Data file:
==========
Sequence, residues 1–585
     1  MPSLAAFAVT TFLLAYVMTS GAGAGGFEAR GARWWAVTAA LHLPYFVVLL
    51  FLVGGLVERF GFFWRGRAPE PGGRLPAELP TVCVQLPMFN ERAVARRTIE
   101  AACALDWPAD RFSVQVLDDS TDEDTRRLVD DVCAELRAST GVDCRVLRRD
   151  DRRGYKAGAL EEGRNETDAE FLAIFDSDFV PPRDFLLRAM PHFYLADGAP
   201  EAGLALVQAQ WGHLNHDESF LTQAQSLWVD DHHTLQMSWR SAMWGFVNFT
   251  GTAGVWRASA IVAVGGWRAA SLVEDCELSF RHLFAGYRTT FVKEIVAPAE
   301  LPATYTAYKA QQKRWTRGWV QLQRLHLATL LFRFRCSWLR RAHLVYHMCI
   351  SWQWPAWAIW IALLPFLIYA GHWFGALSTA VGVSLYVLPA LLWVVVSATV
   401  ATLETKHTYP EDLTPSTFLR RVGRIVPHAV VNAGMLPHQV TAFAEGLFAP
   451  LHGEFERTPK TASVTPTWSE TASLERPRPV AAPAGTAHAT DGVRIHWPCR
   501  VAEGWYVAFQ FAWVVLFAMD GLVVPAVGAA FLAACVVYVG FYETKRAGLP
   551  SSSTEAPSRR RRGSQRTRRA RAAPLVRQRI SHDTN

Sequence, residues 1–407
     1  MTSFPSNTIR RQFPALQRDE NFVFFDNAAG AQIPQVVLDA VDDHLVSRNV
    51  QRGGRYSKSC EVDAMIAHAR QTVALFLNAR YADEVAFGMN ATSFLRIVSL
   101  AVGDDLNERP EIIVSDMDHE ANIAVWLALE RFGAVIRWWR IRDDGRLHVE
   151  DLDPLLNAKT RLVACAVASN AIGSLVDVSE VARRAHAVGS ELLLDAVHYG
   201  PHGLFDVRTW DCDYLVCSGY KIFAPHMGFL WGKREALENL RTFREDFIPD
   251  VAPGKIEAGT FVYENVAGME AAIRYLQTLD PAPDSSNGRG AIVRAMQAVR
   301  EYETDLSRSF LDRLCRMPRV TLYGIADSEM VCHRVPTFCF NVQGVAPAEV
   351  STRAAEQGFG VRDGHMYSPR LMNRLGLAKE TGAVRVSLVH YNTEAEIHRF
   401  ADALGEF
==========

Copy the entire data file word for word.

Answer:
Sequence, residues 1–585
     1  MPSLAAFAVT TFLLAYVMTS GAGAGGFEAR GARWWAVTAA LHLPYFVVLL
    51  FLVGGLVERF GFFWRGRAPE PGGRLPAELP TVCVQLPMFN ERAVARRTIE
   101  AACALDWPAD RFSVQVLDDS TDEDTRRLVD DVCAELRAST GVDCRVLRRD
   151  DRRGYKAGAL EEGRNETDAE FLAIFDSDFV PPRDFLLRAM PHFYLADGAP
   201  EAGLALVQAQ WGHLNHDESF LTQAQSLWVD DHHTLQMSWR SAMWGFVNFT
   251  GTAGVWRASA IVAVGGWRAA SLVEDCELSF RHLFAGYRTT FVKEIVAPAE
   301  LPATYTAYKA QQKRWTRGWV QLQRLHLATL LFRFRCSWLR RAHLVYHMCI
   351  SWQWPAWAIW IALLPFLIYA GHWFGALSTA VGVSLYVLPA LLWVVVSATV
   401  ATLETKHTYP EDLTPSTFLR RVGRIVPHAV VNAGMLPHQV TAFAEGLFAP
   451  LHGEFERTPK TASVTPTWSE TASLERPRPV AAPAGTAHAT DGVRIHWPCR
   501  VAEGWYVAFQ FAWVVLFAMD GLVVPAVGAA FLAACVVYVG FYETKRAGLP
   551  SSSTEAPSRR RRGSQRTRRA RAAPLVRQRI SHDTN

Sequence, residues 1–407
     1  MTSFPSNTIR RQFPALQRDE NFVFFDNAAG AQIPQVVLDA VDDHLVSRNV
    51  QRGGRYSKSC EVDAMIAHAR QTVALFLNAR YADEVAFGMN ATSFLRIVSL
   101  AVGDDLNERP EIIVSDMDHE ANIAVWLALE RFGAVIRWWR IRDDGRLHVE
   151  DLDPLLNAKT RLVACAVASN AIGSLVDVSE VARRAHAVGS ELLLDAVHYG
   201  PHGLFDVRTW DCDYLVCSGY KIFAPHMGFL WGKREALENL RTFREDFIPD
   251  VAPGKIEAGT FVYENVAGME AAIRYLQTLD PAPDSSNGRG AIVRAMQAVR
   301  EYETDLSRSF LDRLCRMPRV TLYGIADSEM VCHRVPTFCF NVQGVAPAEV
   351  STRAAEQGFG VRDGHMYSPR LMNRLGLAKE TGAVRVSLVH YNTEAEIHRF
   401  ADALGEF